Whitesboro community members, postal representatives and elected officials cut the ribbon to welcome the community’s new post office Sept. 5.
WHITESBORO - The new Whitesboro Post Office was officially welcomed Sept. 5, with a ribbon-cutting event, attended by postal representatives, elected officials and community members.
According to a release, the new building, which had a soft opening in July, preserves the Whitesboro ZIP code, continuing an important legacy for this Cape May County community. Whitesboro was founded, in 1901, as a place of opportunity for Black residents by George H. White.
White, the town’s namesake, was a Reconstructionist-era congressman, from North Carolina, who invited residents of the exclusively Black community to own and farm land.
“This is not just a post office, this is a symbol of the ZIP code that must move on,” Middle Township Mayor Tim Donahue stated, in front of the new post office at the high-visibility intersection of Route 9 and Main Street. “There’s a permanence to that, a meaning to that, there is a uniqueness to that, that tells the story of Whitesboro. This is something worth fighting for, something worth preserving, and now that we’re there, it’s been a long journey.”
Several years after its inception, Whitesboro grew into a thriving community, with churches, a school for children, a railroad station and the town’s first post office, according to a history from the Concerned Citizens of Whitesboro, but finding a permanent home for the new post office has taken longer than expected.
“It’s been a long road to get here that’s taken nearly 20 years,” stated LeGretta Ross-Rawlins, the acting district manager of the U.S. Postal Service’s South Jersey District.
Whitesboro’s previous post office location closed, in 2018, because the building was in poor condition. Residents rallied for a replacement, and Middle Township approved a plan to lease property to the Postal Service.
Sept. 5's event was an occasion to celebrate not just the new post office, but George H. White’s considerable legacy. Three generations of White’s descendants, including his great-great-great nephew, John Campbell Jr., were on hand for the ribbon-cutting.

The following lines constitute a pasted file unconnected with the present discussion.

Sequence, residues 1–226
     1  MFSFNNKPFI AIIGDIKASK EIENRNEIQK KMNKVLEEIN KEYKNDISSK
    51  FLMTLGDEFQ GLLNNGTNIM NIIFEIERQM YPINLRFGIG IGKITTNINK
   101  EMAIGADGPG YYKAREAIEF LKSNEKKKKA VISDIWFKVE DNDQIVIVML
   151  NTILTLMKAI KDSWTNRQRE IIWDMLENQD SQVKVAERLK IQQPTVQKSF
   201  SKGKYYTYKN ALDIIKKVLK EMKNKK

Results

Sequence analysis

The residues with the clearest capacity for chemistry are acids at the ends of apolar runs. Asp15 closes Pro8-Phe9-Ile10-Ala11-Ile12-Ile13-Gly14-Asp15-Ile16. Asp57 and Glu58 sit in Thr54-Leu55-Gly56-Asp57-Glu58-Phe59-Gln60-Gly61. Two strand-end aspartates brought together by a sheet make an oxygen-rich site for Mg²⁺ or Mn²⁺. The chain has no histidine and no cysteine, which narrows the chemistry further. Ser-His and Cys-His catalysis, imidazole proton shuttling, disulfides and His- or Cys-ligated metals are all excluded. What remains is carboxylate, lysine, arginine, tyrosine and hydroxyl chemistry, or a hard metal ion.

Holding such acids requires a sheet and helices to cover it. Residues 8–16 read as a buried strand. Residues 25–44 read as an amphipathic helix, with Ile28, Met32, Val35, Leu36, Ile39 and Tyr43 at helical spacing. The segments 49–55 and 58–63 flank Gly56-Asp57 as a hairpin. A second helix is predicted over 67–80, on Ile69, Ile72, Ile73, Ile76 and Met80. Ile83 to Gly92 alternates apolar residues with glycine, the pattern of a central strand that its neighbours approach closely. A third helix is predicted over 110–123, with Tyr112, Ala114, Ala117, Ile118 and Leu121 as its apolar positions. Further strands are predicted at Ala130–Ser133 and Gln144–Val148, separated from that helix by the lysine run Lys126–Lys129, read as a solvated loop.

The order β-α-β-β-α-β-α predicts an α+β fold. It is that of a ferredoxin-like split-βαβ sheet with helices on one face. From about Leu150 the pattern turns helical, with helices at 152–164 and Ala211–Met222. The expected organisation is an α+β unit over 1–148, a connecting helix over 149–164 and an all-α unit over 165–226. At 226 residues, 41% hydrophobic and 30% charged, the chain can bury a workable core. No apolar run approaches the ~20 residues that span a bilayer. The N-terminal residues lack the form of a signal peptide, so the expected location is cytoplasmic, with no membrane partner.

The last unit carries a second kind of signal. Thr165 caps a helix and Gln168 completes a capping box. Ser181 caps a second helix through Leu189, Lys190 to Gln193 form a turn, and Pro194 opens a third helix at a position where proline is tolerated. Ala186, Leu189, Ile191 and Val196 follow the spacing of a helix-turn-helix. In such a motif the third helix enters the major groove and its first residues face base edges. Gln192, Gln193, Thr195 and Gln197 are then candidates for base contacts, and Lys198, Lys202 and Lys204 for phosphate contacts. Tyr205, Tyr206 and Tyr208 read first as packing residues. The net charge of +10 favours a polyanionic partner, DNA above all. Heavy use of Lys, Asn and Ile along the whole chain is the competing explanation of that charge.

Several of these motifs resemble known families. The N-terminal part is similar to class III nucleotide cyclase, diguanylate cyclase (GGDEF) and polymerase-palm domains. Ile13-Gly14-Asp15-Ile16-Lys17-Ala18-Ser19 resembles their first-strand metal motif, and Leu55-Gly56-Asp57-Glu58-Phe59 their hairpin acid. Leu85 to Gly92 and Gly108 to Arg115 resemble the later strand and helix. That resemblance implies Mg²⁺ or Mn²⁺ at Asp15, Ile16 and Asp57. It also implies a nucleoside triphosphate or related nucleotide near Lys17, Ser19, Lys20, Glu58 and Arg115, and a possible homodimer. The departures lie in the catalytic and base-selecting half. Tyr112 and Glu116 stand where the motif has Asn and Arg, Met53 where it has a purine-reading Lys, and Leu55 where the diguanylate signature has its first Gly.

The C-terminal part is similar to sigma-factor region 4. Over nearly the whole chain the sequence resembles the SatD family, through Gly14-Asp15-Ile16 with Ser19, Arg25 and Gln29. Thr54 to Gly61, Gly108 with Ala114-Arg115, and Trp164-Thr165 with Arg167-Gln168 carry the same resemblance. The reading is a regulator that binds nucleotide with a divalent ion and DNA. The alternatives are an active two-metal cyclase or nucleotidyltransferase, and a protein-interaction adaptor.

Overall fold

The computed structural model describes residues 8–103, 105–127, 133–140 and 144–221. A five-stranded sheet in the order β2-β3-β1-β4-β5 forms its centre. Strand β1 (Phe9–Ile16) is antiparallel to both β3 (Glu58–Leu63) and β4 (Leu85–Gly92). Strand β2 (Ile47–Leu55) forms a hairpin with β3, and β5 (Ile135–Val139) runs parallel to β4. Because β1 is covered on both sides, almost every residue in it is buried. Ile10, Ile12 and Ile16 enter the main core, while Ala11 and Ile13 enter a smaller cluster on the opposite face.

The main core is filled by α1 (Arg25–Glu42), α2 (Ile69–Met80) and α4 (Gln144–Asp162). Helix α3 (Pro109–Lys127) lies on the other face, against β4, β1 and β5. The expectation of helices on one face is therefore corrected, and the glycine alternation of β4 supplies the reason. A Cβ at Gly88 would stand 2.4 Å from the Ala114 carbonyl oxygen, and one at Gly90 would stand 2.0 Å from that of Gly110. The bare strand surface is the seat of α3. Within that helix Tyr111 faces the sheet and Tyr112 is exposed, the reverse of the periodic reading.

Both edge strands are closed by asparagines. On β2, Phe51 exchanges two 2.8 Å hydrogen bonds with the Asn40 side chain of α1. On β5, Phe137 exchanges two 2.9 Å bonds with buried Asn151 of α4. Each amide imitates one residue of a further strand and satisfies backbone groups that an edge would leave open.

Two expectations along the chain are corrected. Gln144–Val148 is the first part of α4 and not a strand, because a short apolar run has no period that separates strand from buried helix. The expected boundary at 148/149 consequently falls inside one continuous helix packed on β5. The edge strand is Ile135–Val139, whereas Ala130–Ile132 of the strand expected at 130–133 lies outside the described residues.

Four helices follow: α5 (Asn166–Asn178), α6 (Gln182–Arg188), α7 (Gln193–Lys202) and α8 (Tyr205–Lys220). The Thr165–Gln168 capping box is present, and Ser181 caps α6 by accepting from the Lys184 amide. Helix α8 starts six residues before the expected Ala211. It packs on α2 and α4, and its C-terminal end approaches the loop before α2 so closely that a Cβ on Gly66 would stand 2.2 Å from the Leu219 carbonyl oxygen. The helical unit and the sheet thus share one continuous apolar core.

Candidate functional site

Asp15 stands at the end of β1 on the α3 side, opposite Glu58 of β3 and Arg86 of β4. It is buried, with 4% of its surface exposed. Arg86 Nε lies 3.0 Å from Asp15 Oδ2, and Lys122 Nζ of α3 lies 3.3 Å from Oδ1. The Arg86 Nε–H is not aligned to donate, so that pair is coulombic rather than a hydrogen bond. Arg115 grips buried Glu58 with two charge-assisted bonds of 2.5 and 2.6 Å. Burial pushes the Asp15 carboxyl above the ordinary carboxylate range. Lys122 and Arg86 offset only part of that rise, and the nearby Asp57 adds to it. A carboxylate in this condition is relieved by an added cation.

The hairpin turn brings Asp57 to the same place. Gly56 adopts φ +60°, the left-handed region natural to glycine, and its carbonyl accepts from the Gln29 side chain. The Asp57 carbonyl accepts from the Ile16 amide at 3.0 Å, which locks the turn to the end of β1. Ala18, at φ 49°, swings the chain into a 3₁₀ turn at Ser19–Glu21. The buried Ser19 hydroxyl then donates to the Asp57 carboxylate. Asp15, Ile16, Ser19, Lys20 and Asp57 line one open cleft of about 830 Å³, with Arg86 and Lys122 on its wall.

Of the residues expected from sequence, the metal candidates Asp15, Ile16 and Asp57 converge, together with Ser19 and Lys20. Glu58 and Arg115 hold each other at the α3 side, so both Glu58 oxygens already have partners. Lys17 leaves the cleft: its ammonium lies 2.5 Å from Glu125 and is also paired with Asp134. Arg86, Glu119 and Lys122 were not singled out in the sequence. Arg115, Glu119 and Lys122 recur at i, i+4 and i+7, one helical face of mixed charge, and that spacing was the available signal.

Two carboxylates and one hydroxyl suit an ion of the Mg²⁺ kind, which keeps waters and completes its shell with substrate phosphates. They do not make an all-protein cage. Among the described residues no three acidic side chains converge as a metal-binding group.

“For me, as an African American and a Republican, to be able to stand on the shoulders of my ancestors is amazing,” Campbell stated of White, who served as a Republican from 1897-1901 and was the last African American in Congress, until 1929.
Campbell said he long knew of his ancestor’s distinguished professional background, but only found out that White was a congressman at a family reunion a few years ago.
The new Whitesboro Post Office is directly adjacent to a historical marker honoring George H. White, who, Campbell stated, “was able to identify the area as a place for African Americans to survive and thrive.”
Middle Township hopes the corner will become even more of a tribute to White’s legacy. Township Committee passed a resolution, in June 2019, to request that Congress designate the new postal building as the George H. White Post Office.
The effort has picked up momentum this year, as the NAACP State Conference passed a resolution to support renaming the Post Office. U.S. Rep. Jeff Van Drew (R-2nd) is spearheading the renaming push in Congress.
Van Drew, who also attended Saturday’s ribbon-cutting event, described White as an incredible inspiration – then and now.
“What an amazing individual. What a role model for everyone. At the time he lived and the color that he was, he was a teacher, he was a doctor, he was a banker, he was a congressman and much more,” he stated. “It’s somebody who stays with us in our hearts to this day because of the name of the town and the location of the Post Office now.
For more photos and videos from the event, click here.
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